Bipartisanship is Dead! Long Live Bipartisanship!

Redefining Bipartisanship Could Revolutionize America’s Politics

Biden’s Hope and Toolkit

If anyone believes in and can make bipartisanship work, its Joe Biden. This approach is deeply embedded in his DNA. And just for the record, he is right – as a general guideline, better to get a 90% solution with bipartisan support than a 100% solution supported only by one party.

True to his word, he has been working this from the outset. SN Collins of Maine noted last week that she has spoken with the president four times in his first month in office. I bet that is four more times than the last president spoke to her over four years.

Unfortunately, the old approach is not bearing fruit. Time for a new game plan.

What the Republicans Have Made Clear – Again

The Republican record, starting with the election certification and continuing through the COVID Relief Bill makes it clear that as a party, there is no one to deal with, on pretty much any subject. Just look at the math. An overwhelming majority of House Republicans voted to decertify the national election. Almost all the Republican Senators voted to acquit Trump.

Not one Republican in either house of Congress voted for the COVID relief bill. This is legislation desperately needed by the country. It is overwhelmingly supported by a huge majority, including many local Republican officials. I get it that there is much in the bill Republicans don’t like, but kill the whole thing? Really?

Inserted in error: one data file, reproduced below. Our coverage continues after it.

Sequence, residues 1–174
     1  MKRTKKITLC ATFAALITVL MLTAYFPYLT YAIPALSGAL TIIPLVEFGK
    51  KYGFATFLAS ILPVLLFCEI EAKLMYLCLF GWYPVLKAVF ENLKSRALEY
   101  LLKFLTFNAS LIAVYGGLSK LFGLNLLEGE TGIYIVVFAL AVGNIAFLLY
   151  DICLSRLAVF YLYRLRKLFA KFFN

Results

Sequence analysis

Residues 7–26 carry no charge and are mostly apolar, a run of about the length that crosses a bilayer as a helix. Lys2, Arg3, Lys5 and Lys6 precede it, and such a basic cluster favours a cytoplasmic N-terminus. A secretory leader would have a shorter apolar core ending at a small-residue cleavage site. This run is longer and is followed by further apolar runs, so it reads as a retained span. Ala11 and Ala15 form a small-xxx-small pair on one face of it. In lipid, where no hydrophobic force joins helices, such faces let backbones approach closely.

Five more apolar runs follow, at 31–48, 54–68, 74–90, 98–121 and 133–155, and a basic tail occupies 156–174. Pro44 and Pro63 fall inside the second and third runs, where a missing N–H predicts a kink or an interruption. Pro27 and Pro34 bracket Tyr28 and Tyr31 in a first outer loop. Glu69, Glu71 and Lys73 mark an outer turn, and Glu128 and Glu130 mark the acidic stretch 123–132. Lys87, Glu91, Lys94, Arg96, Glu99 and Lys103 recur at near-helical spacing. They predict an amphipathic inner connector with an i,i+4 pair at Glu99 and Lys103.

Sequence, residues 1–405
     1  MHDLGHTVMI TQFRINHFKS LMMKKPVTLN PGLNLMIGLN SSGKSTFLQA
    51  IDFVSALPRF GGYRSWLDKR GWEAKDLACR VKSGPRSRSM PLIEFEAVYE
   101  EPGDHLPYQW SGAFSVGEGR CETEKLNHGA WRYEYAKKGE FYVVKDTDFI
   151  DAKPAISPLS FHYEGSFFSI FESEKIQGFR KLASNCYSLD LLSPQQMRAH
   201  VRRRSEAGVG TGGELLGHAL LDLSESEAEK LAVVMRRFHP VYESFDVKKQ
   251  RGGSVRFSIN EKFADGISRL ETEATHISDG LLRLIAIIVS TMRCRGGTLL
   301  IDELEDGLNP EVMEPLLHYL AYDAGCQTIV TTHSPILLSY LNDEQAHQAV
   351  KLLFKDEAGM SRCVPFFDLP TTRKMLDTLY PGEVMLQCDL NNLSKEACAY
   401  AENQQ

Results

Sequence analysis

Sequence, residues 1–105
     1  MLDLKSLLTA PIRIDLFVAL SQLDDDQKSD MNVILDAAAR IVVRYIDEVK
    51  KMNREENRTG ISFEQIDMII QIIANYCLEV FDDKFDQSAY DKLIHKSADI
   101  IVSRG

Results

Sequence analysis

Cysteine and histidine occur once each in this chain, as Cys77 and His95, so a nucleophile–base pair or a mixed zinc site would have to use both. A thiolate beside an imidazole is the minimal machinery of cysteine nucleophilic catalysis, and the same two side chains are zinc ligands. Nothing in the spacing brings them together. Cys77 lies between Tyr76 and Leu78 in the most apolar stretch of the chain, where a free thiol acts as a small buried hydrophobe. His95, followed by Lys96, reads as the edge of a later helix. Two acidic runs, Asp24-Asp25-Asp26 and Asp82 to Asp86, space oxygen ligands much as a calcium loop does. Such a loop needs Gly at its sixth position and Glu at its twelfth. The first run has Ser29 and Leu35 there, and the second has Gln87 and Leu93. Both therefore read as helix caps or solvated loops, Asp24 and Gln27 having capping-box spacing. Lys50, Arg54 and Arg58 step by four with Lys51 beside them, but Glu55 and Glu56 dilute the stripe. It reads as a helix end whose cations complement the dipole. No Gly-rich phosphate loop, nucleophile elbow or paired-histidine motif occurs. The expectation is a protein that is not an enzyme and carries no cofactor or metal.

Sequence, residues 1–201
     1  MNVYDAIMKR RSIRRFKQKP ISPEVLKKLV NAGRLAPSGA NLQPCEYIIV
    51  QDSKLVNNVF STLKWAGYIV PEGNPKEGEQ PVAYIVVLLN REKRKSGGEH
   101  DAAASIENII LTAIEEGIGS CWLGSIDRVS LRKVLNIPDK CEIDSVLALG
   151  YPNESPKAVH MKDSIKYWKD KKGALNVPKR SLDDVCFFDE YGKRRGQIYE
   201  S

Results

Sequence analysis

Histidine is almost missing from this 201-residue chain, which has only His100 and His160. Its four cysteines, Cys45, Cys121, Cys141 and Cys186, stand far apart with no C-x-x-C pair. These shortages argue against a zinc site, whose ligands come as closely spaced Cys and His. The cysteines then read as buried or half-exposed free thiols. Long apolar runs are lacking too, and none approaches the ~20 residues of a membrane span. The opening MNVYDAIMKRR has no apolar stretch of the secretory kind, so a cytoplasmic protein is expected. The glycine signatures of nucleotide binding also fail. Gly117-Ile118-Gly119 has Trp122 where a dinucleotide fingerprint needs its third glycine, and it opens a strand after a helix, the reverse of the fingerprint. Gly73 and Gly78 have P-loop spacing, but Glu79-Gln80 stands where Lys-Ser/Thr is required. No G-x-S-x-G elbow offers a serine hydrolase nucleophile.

Remember that the only substantive input from anyone on that side of the aisle was a meeting with half a dozen Republican senators. They offered up something that was about 25% of what was needed, and even then, could provide no assurances of bringing along enough of their cohorts to reach only 10 votes.

There are Republicans and There are Republicans – Sort Them Out

 The lesson is pretty clear. When the Republicans chose the same leaders again this round, it was obvious that going forward they planned to follow the McConnell playbook. Oppose anything and everything the other side proposes, no matter what, then blame them at the midterms for not getting things done.

As long as this is their leadership and guys like Cruz are their loudest voices, nothing will draw organized bipartisan support.

What might work is building small, changeable coalitions of a few Republicans at a time on given issues. Paint the picture of making America both whole and better with logical, proven steps. Invite those who want to help on board.

A few will show up, and in so doing undercut the naysayers. The infrastructure bill discussed below is probably the best shot at making this work.

 In other words, build a coalition of the willing, one issue at a time. Over time, this changes the political calculus. It’s worth a try. Just cutting out the so-called Republican leadership from the discussions and the ability to make changes makes this worth trying.

Taking on the Senate Fight, Once and For All

We have come to a crossroads on the Senate. Even SEN Manchin now indicates things cannot continue as they are. He has actually proposed some changes while not killing the filibuster (which should happen) at least limits it ability to stop progress.

While we are at it, time to relook some other Senate oddities that only screw up the process of governance. Start with the ability of a senator to require an entire bill be read out loud. Just kill that. While we are at it, severely limit, if not kill, the ability of a senator to put a hold on any nomination.